Paprika is a beautifully animated film that, even when it presents us with its many confusing twists and turns, consistently keeps us visually engaged and immersed within the film. The film’s premise is that dream technology has become a reality, and a psychologist uses prototype machines named DC Minis to assist in her therapy sessions; by recording and even entering her patient’s dreams. However these prototypes are stolen, and the criminals are able to enter into the minds of previous users, viewing their subconscious and generally wreaking dream based havoc. If this sounds familiar then yes, there are strong similarities to Inception, but the difference here is that where Nolan’s presentation of dreams was structured and in many ways restrained, Paprika’s characters are out of control; they have no totem to track when they are dreaming, and the dream world is far more recognisably surreal and bizarre. Paprika is also a love letter to film; frequently commenting on the comparable relationship that we have with dreaming and with watching films – which adds an additional and interesting layer to Paprika.
The film’s soundtrack is particularly good, and when coupled with the previously mentioned excellent animation, it makes for a real treat. Both elements recreate the conflict between the familiarity and also lack of cohesion and realism present in dreams, and do so very well – becoming really the main draw to the film. Not that the premise is at all uninteresting, but when watching it I found myself far more interested in the different ways that the film animated ideas, as opposed to the plot driven reasons for arriving at these moments. There are multiple different ways of viewing, focusing upon and interpreting Paprika, but the one which most immediately stands out is the sensory. Another reason why I highlight this area in particular is because of the multitude of possible interpretations and discussions that Paprika can open up. This aspect of the film is best left as undiscussed as possible for someone’s first viewing.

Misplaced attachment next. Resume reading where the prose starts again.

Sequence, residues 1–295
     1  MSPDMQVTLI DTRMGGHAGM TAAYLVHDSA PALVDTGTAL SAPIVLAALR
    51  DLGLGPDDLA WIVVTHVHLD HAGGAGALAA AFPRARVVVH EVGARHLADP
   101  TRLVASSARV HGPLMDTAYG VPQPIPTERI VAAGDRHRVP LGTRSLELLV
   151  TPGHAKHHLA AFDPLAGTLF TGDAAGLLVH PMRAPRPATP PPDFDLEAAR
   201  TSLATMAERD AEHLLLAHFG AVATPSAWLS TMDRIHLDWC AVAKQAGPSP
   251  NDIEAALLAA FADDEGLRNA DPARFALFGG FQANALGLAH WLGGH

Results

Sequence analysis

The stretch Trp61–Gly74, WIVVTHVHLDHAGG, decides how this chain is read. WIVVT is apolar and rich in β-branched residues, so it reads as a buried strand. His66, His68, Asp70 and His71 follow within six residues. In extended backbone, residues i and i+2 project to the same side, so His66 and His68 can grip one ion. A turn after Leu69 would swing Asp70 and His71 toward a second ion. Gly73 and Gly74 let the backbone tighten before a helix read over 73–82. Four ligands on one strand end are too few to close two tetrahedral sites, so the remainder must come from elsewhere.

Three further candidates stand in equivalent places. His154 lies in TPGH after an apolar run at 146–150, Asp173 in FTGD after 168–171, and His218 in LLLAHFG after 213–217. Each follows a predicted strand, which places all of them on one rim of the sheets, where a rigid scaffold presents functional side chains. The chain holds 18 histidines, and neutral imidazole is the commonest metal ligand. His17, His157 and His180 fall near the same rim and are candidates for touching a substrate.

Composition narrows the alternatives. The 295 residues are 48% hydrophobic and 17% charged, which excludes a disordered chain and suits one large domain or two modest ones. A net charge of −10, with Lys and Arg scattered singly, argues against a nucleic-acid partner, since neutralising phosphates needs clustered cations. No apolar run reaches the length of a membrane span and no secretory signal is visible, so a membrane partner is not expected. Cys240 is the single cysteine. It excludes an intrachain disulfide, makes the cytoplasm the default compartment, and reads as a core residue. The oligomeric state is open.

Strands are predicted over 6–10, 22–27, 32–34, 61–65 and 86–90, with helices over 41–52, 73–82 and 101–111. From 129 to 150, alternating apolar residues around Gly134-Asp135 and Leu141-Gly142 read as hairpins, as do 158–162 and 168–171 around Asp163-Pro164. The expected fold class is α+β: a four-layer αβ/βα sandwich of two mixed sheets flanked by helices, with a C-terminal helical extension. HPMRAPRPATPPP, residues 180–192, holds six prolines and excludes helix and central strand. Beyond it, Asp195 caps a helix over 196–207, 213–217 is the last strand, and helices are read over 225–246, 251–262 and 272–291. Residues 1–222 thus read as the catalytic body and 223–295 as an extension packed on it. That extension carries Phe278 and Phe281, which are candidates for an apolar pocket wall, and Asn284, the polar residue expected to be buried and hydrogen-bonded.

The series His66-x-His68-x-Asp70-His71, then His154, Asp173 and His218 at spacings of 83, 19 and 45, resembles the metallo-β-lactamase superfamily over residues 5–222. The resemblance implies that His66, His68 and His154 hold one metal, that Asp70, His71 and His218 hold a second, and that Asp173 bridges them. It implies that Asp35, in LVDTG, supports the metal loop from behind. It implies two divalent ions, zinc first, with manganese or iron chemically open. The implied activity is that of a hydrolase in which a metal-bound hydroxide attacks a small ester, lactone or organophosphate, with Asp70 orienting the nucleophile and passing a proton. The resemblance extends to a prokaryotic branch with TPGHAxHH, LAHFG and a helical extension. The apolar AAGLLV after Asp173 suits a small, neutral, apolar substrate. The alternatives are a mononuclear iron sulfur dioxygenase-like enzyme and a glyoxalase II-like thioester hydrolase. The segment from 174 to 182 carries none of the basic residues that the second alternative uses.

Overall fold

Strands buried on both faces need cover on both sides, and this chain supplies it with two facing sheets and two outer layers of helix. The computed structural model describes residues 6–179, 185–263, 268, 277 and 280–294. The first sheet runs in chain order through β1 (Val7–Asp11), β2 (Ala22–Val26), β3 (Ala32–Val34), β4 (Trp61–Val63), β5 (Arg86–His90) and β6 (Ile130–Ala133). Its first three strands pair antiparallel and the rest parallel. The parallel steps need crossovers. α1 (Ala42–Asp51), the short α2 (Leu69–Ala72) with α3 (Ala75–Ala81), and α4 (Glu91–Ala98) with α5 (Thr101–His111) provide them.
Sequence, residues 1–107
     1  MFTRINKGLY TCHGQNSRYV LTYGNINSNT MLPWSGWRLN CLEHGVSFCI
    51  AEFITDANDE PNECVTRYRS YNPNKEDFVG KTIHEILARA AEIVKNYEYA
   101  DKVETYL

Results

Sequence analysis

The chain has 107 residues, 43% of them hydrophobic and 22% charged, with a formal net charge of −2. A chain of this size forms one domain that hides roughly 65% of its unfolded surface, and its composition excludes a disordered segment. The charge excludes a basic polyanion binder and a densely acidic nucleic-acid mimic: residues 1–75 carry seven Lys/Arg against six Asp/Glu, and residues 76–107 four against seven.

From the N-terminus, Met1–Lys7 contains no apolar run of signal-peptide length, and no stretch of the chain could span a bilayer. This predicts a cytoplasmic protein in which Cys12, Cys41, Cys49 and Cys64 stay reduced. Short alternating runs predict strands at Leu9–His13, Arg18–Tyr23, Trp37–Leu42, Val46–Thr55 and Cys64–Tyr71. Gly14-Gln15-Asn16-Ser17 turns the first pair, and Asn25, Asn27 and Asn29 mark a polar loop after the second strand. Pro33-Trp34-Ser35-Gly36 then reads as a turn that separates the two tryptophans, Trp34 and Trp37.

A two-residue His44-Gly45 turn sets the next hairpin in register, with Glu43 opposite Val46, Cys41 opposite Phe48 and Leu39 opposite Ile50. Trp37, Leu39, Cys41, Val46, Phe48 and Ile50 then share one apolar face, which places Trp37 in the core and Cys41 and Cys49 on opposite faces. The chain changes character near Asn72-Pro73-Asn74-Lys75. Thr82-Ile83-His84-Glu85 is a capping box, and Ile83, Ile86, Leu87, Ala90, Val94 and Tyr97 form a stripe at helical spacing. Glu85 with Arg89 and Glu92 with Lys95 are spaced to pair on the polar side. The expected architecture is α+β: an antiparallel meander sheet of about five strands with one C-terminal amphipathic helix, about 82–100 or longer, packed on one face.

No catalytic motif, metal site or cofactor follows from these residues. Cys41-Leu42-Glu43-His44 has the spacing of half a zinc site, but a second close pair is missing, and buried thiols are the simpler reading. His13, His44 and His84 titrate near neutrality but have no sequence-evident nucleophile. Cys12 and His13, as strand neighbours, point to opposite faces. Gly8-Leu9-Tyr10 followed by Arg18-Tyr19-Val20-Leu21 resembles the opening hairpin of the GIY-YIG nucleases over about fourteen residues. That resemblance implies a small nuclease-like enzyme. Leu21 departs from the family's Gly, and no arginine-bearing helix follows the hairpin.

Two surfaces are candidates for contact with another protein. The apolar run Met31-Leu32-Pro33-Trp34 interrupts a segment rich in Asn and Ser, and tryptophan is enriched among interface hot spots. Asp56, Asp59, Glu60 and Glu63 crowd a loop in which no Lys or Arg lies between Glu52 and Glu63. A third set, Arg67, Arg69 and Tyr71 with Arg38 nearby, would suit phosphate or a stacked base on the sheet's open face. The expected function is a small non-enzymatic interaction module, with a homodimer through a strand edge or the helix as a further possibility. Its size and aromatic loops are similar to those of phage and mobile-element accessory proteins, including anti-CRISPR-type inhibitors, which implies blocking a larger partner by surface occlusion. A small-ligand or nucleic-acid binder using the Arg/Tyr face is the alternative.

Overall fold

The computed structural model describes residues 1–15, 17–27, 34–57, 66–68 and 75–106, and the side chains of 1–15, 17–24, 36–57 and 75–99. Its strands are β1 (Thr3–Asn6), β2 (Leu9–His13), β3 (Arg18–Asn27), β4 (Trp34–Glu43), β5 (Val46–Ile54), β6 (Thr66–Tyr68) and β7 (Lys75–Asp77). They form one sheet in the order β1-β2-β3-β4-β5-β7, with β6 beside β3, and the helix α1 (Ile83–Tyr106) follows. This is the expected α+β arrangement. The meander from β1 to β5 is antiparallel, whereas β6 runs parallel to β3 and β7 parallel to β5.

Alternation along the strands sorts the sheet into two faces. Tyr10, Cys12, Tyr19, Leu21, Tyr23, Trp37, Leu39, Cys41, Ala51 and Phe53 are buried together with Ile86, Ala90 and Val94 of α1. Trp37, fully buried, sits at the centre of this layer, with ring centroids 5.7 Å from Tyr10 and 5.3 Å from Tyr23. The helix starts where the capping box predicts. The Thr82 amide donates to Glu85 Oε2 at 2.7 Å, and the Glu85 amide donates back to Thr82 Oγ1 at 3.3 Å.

Comparison’s to Inception, whilst not suggesting that Inception ripped Paprika off, do allow for some interesting discussion on how different films depict dream-worlds, and may hopefully get more people to see this film. Paprika’s certainly not for everyone; it’s strange, at times appears inaccessible, and benefits from re-watches, but if you are prepared for that then you should hopefully really enjoy it. If you’re opposed to confusing films which demand a certain amount of focus, then I think that it is a very legitimate way of watching Paprika to simply absorb, and be entertained by the spectacle on screen. This film celebrates the escapism that film as a medium can give us, and it revels in looking, and sounding beautiful whilst it does so.
Note: I recommend watching Paprika with subtitles rather than its English dub, there’s not a huge leap in quality, but the subtitles are consistently better.